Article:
I Loved the Waterfowl in Amboseli National Park
Updated: 5 days ago
I had anticipated some of the best parts of my safari; however, the birds of Amboseli surprised and delighted me. My mind had envisioned the elephants with Kilimanjaro as a backdrop. But flamingos? I adore the distinctive pink color of their plumage, their slender bodies and long legs. Africa is home to both the greater and lesser flamingos in numbers I had not expected, often covering a 180 degree view. Seeing their reflections in the water alongside Kilimanjaro's was dreamlike.
Flamingos are known as being social, forming large flocks; however, they also form long term relationships. Studies have shown that they form long-lasting friendships, often with a small group of other flamingos within the flock, around four or five, which includes male-male and female-female groups. They also form long-lasting rivalries.
Every day at Amboselli, we saw the flocks at least four times a day. Oftentimes, we stopped and just watched these beautiful feathered creatures. They are most abundant during the wet seasons of March to May and October to December; nonetheless, they seemed bountiful to me being there in August.
Some of the water fowl were very familiar, while others were foreign to me. Lots of egrets, herons, ibis, cormorants and storks, to name only a few.
One heron that commanded my attention was the Goliath heron, the world's largest living heron. They stand 3 ft 11 in to 5 ft tall in height, with a wingspan of 6 ft 1 in to 7 ft 7 in, and weigh 9-11 pounds. For perspective, the bill from where it opens, measures around 9.5 inches. His colors don't show well in my photograph, but his combination of dark slate gray and chestnut make him quite handsome. Mostly found in sub-Saharan Africa, there are smaller, declining numbers in South and Southwest Asia.
Another wader, the African little egret lives in colonies, with pairs mating for life. The male makes the stick nest, both parents sit on the eggs, and both parents feed the chicks. Their black legs make their yellow feet striking. This color combination aids their foraging. Bird Watcher's Digest states that "yellow feet catch the eye of fish and other creatures, drawing them closer or stalling them so the egret can strike." Our guide termed them "golden slippers", however, whenever I saw them, my mind thought of yellow galoshes.
The African sacred ibis, notorious for its role in Ancient Egyptians' religion, is native to much of Africa. For hundreds of years, this bird was frequently mummified by the Ancient Egyptians as an offering to the god Thoth.
The black-winged stilt is a striking cutie with her very long red legs; I mean really long. Her legs are roughly half submerged in the above photo. You can find her throughout much of Africa and Eurasia, usually in brackish waters.
The Egyptian Geese grabbed me; not literally, but emotionally. These geese are native to Africa; I found them to be gorgeous. Such beautiful feathers with myriad colors. They were considered sacred by Ancient Egyptians and were depicted in much of their artwork. You might even find one in your neighborhood outside of Africa. As an ornamental bird, they are in zoos throughout Western Europe, New Zealand and the United States. Apparently zoo escapees are common and have established wild colonies.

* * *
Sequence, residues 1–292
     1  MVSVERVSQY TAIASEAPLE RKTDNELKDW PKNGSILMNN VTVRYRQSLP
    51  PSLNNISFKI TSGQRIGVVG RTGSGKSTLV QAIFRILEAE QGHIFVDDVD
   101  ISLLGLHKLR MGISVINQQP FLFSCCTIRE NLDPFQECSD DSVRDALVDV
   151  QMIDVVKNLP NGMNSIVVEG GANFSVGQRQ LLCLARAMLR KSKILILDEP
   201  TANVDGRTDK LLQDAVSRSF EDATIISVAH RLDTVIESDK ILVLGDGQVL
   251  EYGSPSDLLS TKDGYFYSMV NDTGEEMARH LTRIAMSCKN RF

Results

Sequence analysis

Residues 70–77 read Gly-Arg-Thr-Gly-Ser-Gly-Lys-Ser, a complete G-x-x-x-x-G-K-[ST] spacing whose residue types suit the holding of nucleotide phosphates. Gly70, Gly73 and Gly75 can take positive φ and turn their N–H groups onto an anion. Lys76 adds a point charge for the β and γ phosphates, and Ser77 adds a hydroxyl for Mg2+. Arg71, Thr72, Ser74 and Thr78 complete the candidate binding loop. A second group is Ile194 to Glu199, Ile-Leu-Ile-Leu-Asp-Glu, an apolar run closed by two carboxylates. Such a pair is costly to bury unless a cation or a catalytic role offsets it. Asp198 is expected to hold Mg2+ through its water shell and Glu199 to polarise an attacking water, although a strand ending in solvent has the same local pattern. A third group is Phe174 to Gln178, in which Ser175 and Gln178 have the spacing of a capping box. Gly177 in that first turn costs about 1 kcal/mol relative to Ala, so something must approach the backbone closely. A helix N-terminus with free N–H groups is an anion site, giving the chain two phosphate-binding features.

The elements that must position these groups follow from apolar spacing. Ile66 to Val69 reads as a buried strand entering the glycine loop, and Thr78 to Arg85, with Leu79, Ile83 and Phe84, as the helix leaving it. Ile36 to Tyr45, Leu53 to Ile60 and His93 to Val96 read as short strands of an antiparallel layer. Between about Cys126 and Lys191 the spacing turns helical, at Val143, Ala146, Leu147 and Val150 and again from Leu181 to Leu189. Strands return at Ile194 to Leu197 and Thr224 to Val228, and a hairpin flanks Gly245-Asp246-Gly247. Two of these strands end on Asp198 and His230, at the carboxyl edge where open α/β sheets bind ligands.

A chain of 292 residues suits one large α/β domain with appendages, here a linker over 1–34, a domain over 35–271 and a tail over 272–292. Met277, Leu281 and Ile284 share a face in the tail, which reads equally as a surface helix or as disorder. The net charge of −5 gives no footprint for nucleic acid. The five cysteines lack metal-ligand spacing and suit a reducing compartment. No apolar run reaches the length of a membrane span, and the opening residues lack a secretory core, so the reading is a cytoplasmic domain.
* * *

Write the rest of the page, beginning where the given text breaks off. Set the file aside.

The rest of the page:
The total African population of Great White Pelicans is estimated to be up to 75,000 pairs. In addition, they have wintering populations from Eurasia. Watching their behaviors was as interesting as viewing their features. The great whites often fish in groups, chasing schools of small fish into shallow water and scooping them up. Dipping their heads all at once reminded me of a choreographed ballet (see video below). I was eager to watch their performances daily while in Amboseli.
The African spoonbills are also quite entertaining to watch while feeding. These are widespread across Africa and Madagascar, in Kenya, Botswana, Mozambique, Namibia and South Africa. They have no crest, unlike the common spoonbill.
The African jacana is an unmistakable bird that has an interesting polyandrous mating behavior. The female mates with numerous males; the male incubates the eggs and raises the chicks singlehandedly. Quite a different set up from most of the animals we saw, where the males compete to gain harems of females. The African jacana has her harem of males.
The African fish eagle is one of the largest African eagles; their wingspan can reach up to 7.8 feet. One of Africa's most iconic birds of prey, it is the national bird of Malawi, Namibia, Zambia and Zimbabwe. Its primary food source is fish; it has sharp toe barbs to help it grasp its slippery prey. Their distinctive screeching call is referred to as one of the "sounds of Africa."
Cattle egrets were everywhere, usually hanging out with the cattle, or in this case, the elephants, zebras, hippopotamuses, and the Cape buffalo. Catching a ride on an elephant's back enables them to take advantage of the insects stirred up by the elephant's feet. Free ride combined with dinner; that works for me.
Amboseli National Park is a birder's paradise; viewing the large animals, such as the elephants and felines that we especially came to see, almost always gave us the opportunity to see more birds; the park has more than 400 bird species. I cannot begin to count the number of waterfowl in the photo above. I will share more feathered friends in the future from other parks. Until then, Ciao!